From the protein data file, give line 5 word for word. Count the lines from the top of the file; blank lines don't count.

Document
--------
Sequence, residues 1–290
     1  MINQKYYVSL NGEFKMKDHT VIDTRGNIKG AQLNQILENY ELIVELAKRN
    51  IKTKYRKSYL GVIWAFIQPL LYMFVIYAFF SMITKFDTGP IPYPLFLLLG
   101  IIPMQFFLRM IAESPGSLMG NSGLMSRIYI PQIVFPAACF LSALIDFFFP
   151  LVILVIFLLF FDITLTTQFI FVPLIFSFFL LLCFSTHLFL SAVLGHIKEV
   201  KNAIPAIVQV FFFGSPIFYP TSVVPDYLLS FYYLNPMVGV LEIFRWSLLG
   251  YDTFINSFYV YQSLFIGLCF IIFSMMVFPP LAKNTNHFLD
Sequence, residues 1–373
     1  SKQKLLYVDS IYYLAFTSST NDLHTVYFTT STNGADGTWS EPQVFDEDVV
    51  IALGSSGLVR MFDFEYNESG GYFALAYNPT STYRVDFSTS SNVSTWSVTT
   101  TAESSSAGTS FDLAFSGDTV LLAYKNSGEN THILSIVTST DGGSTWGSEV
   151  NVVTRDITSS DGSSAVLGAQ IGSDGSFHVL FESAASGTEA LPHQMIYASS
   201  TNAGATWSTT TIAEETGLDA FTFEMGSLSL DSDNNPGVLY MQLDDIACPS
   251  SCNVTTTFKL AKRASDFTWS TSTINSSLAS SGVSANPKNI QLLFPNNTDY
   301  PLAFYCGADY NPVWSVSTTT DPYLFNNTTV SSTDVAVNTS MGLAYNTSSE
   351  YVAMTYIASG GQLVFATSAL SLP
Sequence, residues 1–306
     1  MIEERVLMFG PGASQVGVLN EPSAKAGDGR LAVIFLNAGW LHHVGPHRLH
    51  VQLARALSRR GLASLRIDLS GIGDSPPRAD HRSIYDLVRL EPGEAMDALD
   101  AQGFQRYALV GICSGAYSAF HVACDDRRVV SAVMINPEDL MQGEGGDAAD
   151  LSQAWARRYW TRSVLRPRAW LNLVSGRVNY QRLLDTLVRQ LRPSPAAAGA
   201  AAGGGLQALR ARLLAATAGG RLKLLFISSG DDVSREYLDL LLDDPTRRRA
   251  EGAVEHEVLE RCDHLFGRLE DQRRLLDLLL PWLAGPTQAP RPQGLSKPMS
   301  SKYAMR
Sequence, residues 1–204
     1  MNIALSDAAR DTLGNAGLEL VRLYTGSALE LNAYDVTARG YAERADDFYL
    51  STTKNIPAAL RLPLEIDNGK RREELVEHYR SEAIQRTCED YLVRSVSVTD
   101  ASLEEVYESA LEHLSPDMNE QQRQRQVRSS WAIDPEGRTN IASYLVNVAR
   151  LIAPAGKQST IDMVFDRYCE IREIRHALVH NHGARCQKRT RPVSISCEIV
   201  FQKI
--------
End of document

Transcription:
   151  LVILVIFLLF FDITLTTQFI FVPLIFSFFL LLCFSTHLFL SAVLGHIKEV